One of the U.S. senators who has sponsored legislation to give insurance companies the option of being regulated by the federal government instead of by states is leaving the Senate Banking Committee that deals with many property/casualty insurance issues.
Sen. John Sununu, R-N.H., has been appointed to the Senate Committee on Finance.
Senate Republican Leader Mitch McConnell, R-Ky., made the nomination, which was ratified by Senate Republicans.
Sununu, R-N.H., said he will use the position to give New Hampshire’s small businesses a voice in the Senate.
“In a weak economy, we need to give New Hampshire entrepreneurs real incentives to create new jobs, improve productivity, and provide good health care coverage to their employees and families,” he said. “And even in a Presidential election year, there are real opportunities to pass bipartisan legislation to improve Medicare for New Hampshire seniors by expanding access to electronic prescriptions and information technology.”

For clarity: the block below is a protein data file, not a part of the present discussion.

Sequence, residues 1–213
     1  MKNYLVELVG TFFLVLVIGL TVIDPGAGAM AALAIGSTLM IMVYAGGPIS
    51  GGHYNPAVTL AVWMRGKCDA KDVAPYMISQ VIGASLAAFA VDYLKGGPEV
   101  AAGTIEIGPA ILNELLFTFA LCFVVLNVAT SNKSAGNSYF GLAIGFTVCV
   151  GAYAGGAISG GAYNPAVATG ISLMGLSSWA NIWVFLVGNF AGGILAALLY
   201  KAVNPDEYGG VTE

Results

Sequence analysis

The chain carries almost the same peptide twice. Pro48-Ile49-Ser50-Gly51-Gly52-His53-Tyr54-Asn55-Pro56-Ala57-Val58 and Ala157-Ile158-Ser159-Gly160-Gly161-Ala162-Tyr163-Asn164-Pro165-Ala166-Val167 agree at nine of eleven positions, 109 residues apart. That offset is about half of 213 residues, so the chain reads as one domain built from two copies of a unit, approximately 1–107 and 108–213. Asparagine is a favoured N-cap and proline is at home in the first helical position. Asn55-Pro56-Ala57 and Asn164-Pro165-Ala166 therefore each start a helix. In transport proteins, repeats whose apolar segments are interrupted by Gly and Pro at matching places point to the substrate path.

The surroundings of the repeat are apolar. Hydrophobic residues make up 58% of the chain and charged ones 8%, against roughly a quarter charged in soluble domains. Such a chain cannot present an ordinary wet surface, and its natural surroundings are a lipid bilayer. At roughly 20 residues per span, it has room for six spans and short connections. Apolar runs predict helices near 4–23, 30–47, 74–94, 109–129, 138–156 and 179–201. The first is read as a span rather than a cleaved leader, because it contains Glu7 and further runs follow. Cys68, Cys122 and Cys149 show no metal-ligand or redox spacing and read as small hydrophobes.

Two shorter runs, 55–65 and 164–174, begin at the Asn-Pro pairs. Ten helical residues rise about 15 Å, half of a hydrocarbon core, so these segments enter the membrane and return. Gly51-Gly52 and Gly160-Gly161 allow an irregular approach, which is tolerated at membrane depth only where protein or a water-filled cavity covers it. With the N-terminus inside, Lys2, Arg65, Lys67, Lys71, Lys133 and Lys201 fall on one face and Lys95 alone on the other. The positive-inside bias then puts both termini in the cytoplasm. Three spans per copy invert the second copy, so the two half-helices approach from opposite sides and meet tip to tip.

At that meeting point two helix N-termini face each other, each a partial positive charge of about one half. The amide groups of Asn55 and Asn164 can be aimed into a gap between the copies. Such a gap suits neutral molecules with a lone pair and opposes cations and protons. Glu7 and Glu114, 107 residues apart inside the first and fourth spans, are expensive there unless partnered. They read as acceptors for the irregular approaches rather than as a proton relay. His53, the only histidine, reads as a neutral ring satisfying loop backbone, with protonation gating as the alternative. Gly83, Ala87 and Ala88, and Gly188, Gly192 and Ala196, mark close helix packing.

Sununu, who is serving his first term in the Senate, will continue to serve on the Foreign Relations Committee, the Commerce Committee, the Homeland Security and Governmental Affairs Committee, and the House-Senate Joint Economic Committee. He will no longer serve on the Senate Committee on Banking, Housing, and Urban Affairs.
Sununu, along with Sen. Tim Johnson, D-S.D., reintroduced The National Insurance Act of 2007 this past spring. His legislation seeks to provide an optional federal charter (OFC) for insurers.
Under the legislation (SB 40), insurers operating under multiple state jurisdictions could choose to be regulated at the national level under a new “Optional Federal Charter.” Sununu and Johnson introduced similar legislation last year, using the dual-charter system in the banking industry as a model.
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